In order to understand the fundamental cause that produced such a significant
change, we must emphasize that capital exists under two forms: as functioning
capital, which feeds on the generation of surplus value with the processes of production of goods, and as fictitious capital, which exists as an anticipation of future
valorization. The gold money was maintained at the base of the monetary and
credit systems during the long time in which the functioning capital remained as
the undisputed protagonist of the accumulation process.
During the period that goes from the last third of the eighteenth century to the
mid-twentieth century, the fictitious capital, in expansion or contraction according
to the moment of the economic cycle, appeared only as a supporting character in
the accumulation process; sometimes it grew significantly, sometimes it retreated
to the back of the economic scene. However, during the last century, the transformations of capitalism itself progressively undermined the vanguardism of the functioning capital and, consequently, the functionality of the gold money. It became
increasingly necessary to supplement the cumulative impetus of the capital that
gains surplus value by hiring wage-workers through a stimulation stemming from
the State. It also became necessary, particularly in developed countries, to co-opt a
working class that was increasingly numerous and organized in trade unions to the
purposes of the capital, allowing it to share, up to a certain point, the fruits of
progress.5 The growing importance, in the sphere of national states, of internal
goals in macroeconomic management required the separation between the economic policy and the constraints of the gold standard.
To make this possible, therefore, it was necessary to contradict, up to a certain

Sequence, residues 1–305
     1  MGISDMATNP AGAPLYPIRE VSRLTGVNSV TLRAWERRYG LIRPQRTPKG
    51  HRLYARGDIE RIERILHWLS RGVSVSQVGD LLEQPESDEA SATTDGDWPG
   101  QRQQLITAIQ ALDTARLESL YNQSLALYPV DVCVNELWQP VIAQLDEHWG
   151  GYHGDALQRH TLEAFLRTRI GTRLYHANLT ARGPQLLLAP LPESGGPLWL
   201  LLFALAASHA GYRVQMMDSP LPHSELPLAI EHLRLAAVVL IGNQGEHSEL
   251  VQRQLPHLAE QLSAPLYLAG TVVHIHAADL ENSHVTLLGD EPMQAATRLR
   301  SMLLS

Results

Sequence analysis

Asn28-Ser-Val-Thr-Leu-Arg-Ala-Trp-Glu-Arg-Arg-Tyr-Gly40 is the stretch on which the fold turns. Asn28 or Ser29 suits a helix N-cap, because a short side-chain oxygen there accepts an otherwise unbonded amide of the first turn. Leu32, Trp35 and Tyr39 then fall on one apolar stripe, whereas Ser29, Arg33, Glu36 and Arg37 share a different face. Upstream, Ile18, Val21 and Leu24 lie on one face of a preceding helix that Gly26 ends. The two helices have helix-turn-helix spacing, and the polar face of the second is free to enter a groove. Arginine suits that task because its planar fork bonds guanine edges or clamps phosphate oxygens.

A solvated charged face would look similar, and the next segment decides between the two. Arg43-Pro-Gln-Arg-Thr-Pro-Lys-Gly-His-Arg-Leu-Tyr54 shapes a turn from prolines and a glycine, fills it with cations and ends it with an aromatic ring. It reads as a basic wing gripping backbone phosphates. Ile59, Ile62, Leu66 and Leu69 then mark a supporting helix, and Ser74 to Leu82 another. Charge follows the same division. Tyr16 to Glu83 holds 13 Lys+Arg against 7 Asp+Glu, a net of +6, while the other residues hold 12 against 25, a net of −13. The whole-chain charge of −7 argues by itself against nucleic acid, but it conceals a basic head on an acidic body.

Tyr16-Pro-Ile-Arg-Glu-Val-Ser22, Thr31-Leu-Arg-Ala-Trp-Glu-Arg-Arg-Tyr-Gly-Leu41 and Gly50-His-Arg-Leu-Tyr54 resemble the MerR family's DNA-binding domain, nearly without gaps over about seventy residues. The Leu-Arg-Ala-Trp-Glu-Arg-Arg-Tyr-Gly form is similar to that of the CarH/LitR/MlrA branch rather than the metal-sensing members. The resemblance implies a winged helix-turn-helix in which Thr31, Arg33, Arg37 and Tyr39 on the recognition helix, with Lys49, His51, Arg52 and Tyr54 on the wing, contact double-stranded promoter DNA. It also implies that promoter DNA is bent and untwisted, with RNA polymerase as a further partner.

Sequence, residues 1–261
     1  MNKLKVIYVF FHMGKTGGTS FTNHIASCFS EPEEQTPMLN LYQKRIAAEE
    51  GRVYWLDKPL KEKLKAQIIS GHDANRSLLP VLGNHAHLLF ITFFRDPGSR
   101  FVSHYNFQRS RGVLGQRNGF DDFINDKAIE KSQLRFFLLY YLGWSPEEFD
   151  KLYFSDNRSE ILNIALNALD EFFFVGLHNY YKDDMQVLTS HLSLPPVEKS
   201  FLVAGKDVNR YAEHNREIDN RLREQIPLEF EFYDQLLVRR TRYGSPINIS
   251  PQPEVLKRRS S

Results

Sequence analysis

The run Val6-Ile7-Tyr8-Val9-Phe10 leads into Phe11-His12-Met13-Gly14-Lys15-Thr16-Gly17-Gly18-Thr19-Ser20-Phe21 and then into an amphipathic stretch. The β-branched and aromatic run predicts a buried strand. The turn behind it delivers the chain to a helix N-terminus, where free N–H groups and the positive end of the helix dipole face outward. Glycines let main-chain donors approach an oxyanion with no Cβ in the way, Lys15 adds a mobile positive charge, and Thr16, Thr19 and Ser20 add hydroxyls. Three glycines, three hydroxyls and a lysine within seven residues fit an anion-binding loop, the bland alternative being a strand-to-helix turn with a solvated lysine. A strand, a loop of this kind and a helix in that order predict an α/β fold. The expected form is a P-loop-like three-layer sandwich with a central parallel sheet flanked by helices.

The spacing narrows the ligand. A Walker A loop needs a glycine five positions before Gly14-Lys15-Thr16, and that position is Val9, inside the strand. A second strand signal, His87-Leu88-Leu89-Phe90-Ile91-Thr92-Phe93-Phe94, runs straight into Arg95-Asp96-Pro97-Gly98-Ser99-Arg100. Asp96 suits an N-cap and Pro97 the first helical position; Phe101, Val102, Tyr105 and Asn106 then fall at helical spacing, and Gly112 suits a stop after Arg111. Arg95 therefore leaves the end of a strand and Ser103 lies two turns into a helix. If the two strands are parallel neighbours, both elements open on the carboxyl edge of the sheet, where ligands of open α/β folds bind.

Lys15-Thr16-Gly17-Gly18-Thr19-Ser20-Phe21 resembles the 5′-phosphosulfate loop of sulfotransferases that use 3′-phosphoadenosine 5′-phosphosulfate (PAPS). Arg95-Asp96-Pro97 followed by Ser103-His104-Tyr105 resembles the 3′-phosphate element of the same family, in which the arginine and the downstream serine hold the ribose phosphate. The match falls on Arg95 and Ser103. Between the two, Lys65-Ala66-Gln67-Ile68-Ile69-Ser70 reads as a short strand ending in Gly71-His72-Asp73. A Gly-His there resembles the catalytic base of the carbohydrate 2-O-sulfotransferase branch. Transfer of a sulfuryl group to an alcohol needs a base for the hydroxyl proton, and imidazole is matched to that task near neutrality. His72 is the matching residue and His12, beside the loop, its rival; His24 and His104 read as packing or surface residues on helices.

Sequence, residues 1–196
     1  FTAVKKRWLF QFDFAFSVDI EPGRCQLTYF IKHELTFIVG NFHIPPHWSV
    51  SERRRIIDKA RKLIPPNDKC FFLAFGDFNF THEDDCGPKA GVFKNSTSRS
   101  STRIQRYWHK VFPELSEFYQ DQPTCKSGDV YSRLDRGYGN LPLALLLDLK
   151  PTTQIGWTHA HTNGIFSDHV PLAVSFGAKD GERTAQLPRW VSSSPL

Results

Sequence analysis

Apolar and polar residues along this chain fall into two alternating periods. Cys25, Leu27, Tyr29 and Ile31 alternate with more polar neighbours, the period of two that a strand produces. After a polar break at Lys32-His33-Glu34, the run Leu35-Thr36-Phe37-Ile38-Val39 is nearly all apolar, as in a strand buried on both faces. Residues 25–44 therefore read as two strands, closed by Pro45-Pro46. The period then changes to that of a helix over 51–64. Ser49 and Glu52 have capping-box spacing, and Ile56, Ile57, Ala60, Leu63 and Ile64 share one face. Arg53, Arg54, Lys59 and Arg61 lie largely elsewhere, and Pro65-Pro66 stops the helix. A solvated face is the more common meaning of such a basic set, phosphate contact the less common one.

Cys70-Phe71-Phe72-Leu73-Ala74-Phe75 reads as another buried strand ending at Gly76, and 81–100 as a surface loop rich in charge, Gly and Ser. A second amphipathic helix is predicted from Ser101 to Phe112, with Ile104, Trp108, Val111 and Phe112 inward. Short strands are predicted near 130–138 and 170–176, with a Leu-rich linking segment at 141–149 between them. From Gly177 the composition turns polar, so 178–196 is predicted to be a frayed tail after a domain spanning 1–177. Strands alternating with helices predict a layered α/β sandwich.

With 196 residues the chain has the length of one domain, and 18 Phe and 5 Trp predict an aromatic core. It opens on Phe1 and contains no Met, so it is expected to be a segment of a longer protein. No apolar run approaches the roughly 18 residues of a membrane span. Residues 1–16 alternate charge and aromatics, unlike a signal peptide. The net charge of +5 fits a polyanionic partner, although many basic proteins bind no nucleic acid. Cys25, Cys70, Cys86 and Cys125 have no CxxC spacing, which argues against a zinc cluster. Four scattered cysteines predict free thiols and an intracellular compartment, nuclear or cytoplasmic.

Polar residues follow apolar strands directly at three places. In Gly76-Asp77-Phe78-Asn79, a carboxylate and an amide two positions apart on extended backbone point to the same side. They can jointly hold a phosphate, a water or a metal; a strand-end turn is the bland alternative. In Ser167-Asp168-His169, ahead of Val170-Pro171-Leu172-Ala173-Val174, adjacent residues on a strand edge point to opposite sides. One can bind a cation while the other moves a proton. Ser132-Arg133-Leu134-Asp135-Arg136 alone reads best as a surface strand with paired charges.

point, the intrinsic regulation of value in the determination of prices. Since the gold
money imposes a natural constraint on the marketss way of operating, its forced
exile and, therefore, the suppression of the functional activity of the general equivalent became a necessity. During the twentieth century, the accumulation process
in the sphere of the industrial capital lost part of its autonomy and was no longer
self-sustainable, but this did not happen suddenly. In fact, it took place through a

commodity-money (Lohoff and Trenkle, 2014, p. 173). We maintain here that Central Bank securities
are not money, properly speaking, but simply anchors for the production of fictitious money.

Eichengreen explains the abandon of the gold standard during the twentieth century by a reason of
political nature: the nations had to sacrifice the preservation of the fixed exchange rate in view of the
emergence of new economic policy goals, that is, the pursuit of welfare and full employment (Eichengreen,
1996, pp. 3-6). We regard this explanation as superficial; it overlooks the fact that this change is
ultimately rooted in the historical development of the capitalist mode of production, that is, of the forms